The October 2023 Synod of Bishops should include the voices of women who have discerned a sincere call to the Catholic priesthood, said women’s ordination advocate Kate McElwee in a recent guest commentary for NCR. Following are NCR reader responses to her opinion with letters that have been edited for length and clarity.
The answer to how long women must wait for ordination to priesthood is probably: forever. I was a committed, enthusiastic convert to Catholicism and served in four parishes as a lector, eucharistic minister, parish council member and RCIA director. I also facilitated sessions at a diocesan pastoral ministry formation center.
After 33 years, I left the Catholic Church, something I never thought I would do, and joined the Episcopal Church. I left for various reasons, but the primary reason was the failure to accept the reality that some women are called to the priesthood, and the only obstacle for them is their gender. Lest anyone imagine that only women leave for this reason, I know men who have as well. One said to me, « I’ll go back if the Catholic church ever values my daughter as much as it values my son. »
Our Episcopal diocese has a female bishop who was raised Catholic. She told me she felt a call to ministry as a priest and knew it could never happen in the Catholic Church. When she came down the aisle of my parish church, wearing a miter and a warm smile, carrying her crozier, I felt such joy at being part of a church that welcomes everyone’s gifts.
Really Kate? If Christ had wanted women as priests, he would have ordained some when he selected his apostles. I, as a woman, was embarrassed to see the photo in your article of women seeking ordination, with the red dresses and umbrellas. Women seeking ordination might do well to consider showing respect for themselves and the traditions of the Catholic faith.
I believe that holy orders should be opened up to all moral Catholics, but the Women’s Ordination Conference (WOC) looks like the Anglo-Saxon-led West — which is to say it looks more like Catholicism’s past than Catholicism’s present and future.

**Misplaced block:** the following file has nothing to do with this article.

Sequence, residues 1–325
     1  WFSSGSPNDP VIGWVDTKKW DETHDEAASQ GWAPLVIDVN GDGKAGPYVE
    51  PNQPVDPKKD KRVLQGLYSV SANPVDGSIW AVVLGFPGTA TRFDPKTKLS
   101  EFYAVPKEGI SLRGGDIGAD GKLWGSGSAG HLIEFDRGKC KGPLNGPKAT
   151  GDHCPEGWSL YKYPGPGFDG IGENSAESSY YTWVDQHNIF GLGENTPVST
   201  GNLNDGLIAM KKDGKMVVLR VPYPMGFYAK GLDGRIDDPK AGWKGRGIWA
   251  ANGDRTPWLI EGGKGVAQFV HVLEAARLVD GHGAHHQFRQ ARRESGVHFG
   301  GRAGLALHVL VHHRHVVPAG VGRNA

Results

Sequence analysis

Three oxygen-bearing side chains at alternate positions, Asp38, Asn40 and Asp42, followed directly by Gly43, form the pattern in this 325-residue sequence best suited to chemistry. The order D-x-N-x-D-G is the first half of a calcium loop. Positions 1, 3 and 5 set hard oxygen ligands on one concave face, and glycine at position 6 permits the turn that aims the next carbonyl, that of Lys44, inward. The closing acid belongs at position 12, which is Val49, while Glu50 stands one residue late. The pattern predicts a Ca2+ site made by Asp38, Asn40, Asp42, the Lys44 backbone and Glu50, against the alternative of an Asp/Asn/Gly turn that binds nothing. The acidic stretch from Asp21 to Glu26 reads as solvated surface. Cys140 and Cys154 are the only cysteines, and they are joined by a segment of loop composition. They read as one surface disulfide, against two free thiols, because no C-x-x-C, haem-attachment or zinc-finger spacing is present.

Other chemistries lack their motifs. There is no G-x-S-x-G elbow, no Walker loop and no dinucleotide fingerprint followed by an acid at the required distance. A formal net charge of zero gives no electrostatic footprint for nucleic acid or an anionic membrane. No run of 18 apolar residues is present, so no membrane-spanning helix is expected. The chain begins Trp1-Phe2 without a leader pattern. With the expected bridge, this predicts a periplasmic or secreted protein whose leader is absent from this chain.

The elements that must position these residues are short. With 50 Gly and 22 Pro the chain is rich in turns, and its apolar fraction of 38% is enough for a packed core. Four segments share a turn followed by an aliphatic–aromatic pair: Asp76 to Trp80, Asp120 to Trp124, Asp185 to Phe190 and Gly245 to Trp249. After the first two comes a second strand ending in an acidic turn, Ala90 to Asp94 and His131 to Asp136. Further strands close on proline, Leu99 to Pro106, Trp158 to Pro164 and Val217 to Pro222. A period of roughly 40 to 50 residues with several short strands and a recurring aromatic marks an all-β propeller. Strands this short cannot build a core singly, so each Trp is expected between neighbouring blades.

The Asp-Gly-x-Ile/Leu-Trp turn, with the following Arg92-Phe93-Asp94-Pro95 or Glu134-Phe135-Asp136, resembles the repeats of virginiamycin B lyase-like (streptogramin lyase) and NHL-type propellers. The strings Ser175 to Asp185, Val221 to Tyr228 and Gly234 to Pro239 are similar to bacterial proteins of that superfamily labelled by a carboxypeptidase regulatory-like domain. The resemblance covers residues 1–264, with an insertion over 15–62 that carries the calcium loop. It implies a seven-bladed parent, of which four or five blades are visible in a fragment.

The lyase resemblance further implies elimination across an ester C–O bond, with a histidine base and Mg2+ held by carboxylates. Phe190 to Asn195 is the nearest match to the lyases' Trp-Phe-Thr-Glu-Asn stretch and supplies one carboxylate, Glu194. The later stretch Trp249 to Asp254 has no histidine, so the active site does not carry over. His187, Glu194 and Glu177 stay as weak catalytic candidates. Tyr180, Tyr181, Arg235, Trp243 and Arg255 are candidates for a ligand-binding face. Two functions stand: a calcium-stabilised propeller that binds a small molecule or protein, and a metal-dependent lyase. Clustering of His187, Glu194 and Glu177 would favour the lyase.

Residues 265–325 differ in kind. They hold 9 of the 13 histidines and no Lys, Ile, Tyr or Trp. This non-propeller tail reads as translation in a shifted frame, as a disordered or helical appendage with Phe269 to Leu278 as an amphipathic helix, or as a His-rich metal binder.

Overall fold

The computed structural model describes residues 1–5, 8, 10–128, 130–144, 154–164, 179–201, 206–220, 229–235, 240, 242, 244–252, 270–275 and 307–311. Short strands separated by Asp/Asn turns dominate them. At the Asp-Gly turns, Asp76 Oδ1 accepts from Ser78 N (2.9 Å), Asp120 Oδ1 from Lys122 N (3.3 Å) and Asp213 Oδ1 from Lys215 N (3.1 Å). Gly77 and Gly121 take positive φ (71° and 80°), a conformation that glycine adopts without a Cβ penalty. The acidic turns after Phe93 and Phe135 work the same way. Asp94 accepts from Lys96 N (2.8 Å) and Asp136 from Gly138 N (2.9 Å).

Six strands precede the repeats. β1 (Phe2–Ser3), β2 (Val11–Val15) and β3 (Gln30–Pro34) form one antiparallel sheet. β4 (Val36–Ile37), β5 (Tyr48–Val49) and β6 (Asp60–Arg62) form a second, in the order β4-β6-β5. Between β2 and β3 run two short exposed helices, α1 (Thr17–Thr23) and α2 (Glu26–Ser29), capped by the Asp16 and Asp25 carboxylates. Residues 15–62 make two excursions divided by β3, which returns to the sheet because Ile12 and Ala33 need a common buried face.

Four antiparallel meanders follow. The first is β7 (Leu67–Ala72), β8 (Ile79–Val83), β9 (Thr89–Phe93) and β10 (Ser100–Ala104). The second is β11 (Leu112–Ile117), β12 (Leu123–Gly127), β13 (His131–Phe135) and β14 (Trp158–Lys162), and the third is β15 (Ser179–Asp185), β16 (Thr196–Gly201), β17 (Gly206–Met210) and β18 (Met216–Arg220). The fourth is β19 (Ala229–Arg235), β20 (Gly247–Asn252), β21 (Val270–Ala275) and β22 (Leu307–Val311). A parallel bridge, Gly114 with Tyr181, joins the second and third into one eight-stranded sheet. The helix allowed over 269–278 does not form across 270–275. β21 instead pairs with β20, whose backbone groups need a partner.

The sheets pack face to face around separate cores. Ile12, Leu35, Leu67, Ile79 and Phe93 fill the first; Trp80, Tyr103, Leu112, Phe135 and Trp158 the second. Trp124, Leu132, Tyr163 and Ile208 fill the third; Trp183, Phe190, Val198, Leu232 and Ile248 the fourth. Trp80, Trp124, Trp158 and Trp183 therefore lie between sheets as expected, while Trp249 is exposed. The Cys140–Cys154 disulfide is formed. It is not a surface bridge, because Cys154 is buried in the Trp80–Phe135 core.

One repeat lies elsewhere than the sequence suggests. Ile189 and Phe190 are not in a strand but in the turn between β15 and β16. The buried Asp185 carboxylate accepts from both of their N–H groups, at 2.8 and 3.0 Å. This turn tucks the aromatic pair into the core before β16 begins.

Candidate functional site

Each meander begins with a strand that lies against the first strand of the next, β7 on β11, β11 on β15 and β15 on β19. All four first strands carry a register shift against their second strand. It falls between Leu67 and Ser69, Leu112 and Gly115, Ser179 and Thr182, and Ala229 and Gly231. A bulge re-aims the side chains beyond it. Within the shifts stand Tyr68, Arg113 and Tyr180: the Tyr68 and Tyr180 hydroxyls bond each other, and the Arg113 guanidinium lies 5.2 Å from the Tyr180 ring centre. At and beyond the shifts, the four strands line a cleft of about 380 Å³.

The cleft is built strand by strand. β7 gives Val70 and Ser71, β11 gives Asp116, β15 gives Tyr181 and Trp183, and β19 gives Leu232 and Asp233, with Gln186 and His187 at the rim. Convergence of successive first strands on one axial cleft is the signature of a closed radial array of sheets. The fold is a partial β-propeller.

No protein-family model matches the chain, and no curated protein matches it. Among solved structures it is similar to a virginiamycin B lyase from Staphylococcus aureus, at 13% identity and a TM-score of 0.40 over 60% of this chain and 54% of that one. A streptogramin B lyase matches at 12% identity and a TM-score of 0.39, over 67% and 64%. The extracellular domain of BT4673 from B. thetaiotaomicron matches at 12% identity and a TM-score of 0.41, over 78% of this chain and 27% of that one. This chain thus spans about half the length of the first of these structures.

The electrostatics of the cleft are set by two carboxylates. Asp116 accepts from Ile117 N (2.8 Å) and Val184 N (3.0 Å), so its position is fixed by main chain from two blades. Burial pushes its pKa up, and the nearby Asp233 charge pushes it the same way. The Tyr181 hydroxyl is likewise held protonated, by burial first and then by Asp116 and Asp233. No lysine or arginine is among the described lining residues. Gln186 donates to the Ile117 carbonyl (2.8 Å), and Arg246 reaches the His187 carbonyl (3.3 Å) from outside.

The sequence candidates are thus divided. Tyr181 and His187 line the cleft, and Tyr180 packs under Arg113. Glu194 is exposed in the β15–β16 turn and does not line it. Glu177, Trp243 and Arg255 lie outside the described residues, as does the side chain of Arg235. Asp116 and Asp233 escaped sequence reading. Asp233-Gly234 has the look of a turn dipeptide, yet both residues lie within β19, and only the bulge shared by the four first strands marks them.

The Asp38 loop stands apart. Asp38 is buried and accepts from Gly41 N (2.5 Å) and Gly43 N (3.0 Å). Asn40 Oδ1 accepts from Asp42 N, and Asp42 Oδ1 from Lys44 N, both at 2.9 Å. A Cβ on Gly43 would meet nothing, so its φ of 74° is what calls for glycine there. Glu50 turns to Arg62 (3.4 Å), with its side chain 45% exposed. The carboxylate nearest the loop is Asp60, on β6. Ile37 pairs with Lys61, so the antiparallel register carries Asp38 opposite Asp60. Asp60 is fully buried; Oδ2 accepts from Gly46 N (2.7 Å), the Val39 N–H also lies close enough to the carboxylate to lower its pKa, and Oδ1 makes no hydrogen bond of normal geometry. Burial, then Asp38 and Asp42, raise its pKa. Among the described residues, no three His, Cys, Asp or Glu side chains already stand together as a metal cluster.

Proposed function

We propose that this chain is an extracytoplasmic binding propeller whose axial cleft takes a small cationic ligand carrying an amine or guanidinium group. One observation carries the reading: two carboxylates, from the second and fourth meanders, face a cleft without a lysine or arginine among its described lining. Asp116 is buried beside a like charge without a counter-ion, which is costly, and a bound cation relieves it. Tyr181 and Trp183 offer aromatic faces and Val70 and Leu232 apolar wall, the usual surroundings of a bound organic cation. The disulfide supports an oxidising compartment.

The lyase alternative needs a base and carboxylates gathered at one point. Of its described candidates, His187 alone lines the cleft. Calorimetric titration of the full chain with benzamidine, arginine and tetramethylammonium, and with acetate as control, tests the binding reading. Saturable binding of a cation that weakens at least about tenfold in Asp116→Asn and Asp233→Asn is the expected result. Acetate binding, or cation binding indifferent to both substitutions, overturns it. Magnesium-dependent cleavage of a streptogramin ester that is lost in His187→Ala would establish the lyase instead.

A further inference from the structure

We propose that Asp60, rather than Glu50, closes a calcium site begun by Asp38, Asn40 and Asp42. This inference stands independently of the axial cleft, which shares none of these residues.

The demographic shift taking place within the Catholic Church necessarily involves a theological-ideological shift as well. What exactly does/will that shift mean for WOC’s goals? That question is important. I’d be interested to know how much of what the WOC is advocating has popular support outside of the collective West, among the people of God on the continent of Africa where the church is not in a state of decline.
Hamburg, New York
One of the more welcome outcomes from the synod would be the opening of the permanent diaconate to women. That step will allow the faithful to acclimate to what will be for some a radical change. If women were admitted to the diaconate, in short order that change will be seen as less revolutionary and more evolutionary and accepted as the new norm. Similarly, since we have married men in the permanent diaconate, having married priests would not be seen as radical from the perspective of the faithful. Certainly, some clerics will be apoplectic at the thought but their influence in the domestic church, as in the worldwide church, is waning.
McElwee speaks eloquently about discerning the voice of the Spirit. I think the Spirit is telling the church to evolve in accord with the culture of the 21st century, which ironically will reflect the character of the church in the 1st century. Married priests were common until the 12th century, so a married priesthood, similar to a female permanent diaconate, would have historical precedence. Perhaps the Spirit wants us to revisit our past as we discern our future.
CHARLES A. LEGUERN
Once again, the obligatory women’s ordination rant. While I agree women should hold whatever offices in the church men do, it ain’t gonna happen during Pope Francis’ pontificate. He continues making major changes in the church, but women’s ordination is a bridge too far.
McElwee seems oblivious to the degree of controversy the synod is raising among the clergy, and the laity the clergy have stirred up. The synodal process needs to be able to crawl before it can walk. Why would McElwee want to kneecap an already hobbled church? To force the issue is to evoke a reactionary negative response. Why would Pope Francis waste any goodwill he has with bishops pushing an issue that will fall flat? Even if he did allow it, how many bishops would participate?
What makes McElwee think women are going to enter ministry and do as they please? The clerical hierarchy is a pecking order.
There may be value in keeping women’s ordination in front of readers. That being the case, the effort needs to be realistic. While the article has emotional appeal, it’s not practical when dealing with church realities.
MICHAEL J. MCDERMOTT
Texas, United States